John Carranza   //  “I wrote this book because I have been taking psychotropic drugs for thirty-five years, with different drugs or drug combinations during different decades of my life.”[1]Lauren Slater’s frank disclosure of taking psychiatric medications and the effect they had, and continue to have, on her body opens her new book Blue Dreams: The Science and the Story of the Drugs That Changed Our Minds. Slater’s narrative is twofold throughout this book. On the one hand, she explores the history of the drugs that were found to be effective in treating people with mental illnesses, but on the other hand, this is a narrative of her life. In Slater’s words, she wrote this book “to discover my own body—its beginning, middle, and end.”[2]

Blue Dreams details Slater’s experiences and insight with drugs such as Thorazine and lithium, as well as her exploration of the therapeutic potential of psilocybin (“magic mushrooms”) and MDMA (ecstasy). She then turns her attention to the future of medical technology in treating mental illness. Equal in importance to Slater’s personal experiences are the narratives that trace the history of a single drug, one per chapter, in treating people with mental illness. Both forms of narrative—the personal and the historical—are interwoven throughout each chapter, which breaks the monotony of reading a single narrative continuously. Slater moves the reader from past to present, and from the scientific community and its institutions to the personal.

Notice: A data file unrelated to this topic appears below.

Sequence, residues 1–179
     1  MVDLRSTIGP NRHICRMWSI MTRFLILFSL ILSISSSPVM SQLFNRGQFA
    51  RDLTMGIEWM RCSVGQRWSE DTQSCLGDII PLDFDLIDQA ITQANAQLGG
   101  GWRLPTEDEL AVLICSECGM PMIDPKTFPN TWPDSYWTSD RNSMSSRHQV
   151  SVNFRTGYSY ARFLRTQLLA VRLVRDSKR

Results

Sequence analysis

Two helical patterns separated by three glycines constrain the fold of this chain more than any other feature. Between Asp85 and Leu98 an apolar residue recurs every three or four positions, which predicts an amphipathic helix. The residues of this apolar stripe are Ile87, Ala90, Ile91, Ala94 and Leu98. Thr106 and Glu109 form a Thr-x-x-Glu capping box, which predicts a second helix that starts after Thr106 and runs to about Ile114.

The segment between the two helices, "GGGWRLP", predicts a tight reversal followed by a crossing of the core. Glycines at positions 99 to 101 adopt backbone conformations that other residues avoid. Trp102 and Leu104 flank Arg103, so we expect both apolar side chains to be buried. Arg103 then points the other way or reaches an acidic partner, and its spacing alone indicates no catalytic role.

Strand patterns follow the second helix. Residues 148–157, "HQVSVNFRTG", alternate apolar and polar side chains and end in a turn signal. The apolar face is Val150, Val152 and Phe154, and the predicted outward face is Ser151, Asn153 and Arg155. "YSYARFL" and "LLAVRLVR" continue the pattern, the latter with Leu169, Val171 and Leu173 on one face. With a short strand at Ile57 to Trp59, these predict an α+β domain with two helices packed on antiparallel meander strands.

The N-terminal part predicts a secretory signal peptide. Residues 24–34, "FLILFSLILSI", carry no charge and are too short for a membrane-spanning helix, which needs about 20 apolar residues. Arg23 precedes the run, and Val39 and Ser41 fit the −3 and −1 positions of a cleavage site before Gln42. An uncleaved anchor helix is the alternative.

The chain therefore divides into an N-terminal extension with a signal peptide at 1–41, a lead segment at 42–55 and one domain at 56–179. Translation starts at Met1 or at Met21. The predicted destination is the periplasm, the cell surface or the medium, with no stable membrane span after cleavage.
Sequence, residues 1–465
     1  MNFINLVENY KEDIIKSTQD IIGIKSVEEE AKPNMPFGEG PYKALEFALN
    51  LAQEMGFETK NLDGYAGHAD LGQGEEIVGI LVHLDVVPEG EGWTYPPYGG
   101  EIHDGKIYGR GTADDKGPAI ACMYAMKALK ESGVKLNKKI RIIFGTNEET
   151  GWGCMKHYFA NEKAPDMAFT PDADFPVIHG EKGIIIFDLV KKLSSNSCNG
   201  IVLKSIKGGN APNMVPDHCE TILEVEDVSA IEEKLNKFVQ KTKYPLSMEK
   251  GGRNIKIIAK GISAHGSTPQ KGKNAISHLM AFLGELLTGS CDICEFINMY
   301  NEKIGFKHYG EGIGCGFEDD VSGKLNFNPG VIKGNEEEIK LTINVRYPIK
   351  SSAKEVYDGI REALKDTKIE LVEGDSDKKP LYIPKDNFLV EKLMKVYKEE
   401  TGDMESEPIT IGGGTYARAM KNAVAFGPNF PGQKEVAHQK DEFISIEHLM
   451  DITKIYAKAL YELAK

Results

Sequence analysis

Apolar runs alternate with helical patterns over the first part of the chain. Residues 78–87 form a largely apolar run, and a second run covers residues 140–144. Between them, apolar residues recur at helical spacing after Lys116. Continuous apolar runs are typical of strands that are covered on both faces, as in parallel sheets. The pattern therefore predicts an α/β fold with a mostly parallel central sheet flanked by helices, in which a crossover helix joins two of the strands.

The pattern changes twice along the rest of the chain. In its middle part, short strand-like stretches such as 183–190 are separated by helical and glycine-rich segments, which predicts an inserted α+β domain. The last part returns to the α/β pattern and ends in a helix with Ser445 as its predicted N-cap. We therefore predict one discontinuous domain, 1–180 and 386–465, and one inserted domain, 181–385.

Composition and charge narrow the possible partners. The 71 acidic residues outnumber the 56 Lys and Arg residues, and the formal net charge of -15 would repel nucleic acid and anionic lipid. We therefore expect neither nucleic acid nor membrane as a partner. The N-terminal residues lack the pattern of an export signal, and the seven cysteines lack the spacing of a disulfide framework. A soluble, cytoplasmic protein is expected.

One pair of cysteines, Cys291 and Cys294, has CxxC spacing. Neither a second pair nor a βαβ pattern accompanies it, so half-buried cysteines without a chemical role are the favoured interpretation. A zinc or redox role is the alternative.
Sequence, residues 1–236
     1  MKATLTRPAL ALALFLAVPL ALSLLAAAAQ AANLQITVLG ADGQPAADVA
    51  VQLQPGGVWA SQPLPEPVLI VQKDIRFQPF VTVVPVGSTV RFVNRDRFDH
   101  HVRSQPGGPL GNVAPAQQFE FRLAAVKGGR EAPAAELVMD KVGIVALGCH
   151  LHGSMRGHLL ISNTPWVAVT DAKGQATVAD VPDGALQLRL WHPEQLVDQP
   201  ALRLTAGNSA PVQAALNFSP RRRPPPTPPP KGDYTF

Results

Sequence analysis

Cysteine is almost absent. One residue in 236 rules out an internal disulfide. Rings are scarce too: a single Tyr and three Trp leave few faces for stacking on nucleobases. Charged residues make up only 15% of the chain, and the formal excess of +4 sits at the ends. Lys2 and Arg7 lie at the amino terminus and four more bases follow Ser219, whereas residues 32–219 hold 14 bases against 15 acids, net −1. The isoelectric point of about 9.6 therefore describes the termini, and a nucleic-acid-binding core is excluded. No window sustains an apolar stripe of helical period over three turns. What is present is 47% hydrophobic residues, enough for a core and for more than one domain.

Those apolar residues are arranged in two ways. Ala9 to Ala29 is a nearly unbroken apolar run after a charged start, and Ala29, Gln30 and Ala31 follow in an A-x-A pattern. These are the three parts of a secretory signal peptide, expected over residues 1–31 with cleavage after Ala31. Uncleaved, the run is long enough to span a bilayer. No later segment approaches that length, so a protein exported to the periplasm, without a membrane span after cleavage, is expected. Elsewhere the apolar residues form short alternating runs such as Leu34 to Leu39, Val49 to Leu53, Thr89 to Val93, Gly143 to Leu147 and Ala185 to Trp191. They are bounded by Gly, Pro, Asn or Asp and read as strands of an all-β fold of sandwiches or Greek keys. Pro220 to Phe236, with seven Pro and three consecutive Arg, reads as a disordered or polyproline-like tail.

One of Slater’s guiding frameworks for understanding the scientific and medical community’s work is Thomas Kuhn’s concept of the “paradigm shift.” Each discovery or breakthrough in medication challenges what the scientific and medical community knew about mental illness and the effects of drugs on the human body. With each such challenge to knowledge and authority comes a new paradigm, or way of thinking. Slater repeatedly points to the psychiatric community’s break from psychoanalysis to treatment with medications. This specific paradigm shift happened as it became easier and more lucrative for psychiatrists to write prescriptions rather than have lengthy visits with patients for therapy. By the conclusion of the book, Slater suggests a new paradigm shift through her discussion of psilocybin and MDMA, and the possibilities that legalizing such substances might mean for the health and well-being of the person taking them.

Blue Dreams relies on a wealth of secondary sources to construct the histories of each drug. But the accompaniment of Slater’s own narrative shows that every scientific development has real social, physical, and affective outcomes on the people who use it. The reader should keep in mind that this book is particularly Western in its understanding of mental illness and medical treatment, though Slater does point to other cultures and how they have used psychedelics, for example, to help people live fulfilling lives. Slater’s writing style and personal narratives about her experiences with her own mental illness makes Blue Dreams highly accessible to a wide audience, from the reader with little knowledge of the subject to academics and medical professionals.

[1]Lauren Slater, Blue Dreams: The Science and the Story of the Drugs That Changed Our Minds (New York: Little, Brown and Company, 2018), ix.

[2]Ibid., xv.

Further Reading:

Kuhn, Thomas S. The Structure of Scientific Revolutions. The University of Chicago Press, 1966.

Luhrmann, T.M. and Jocelyn Marrow, eds. Our Most Troubling Madness: Case Studies in Schizophrenia Across Cultures. University of California Press, 2016.

Keep reading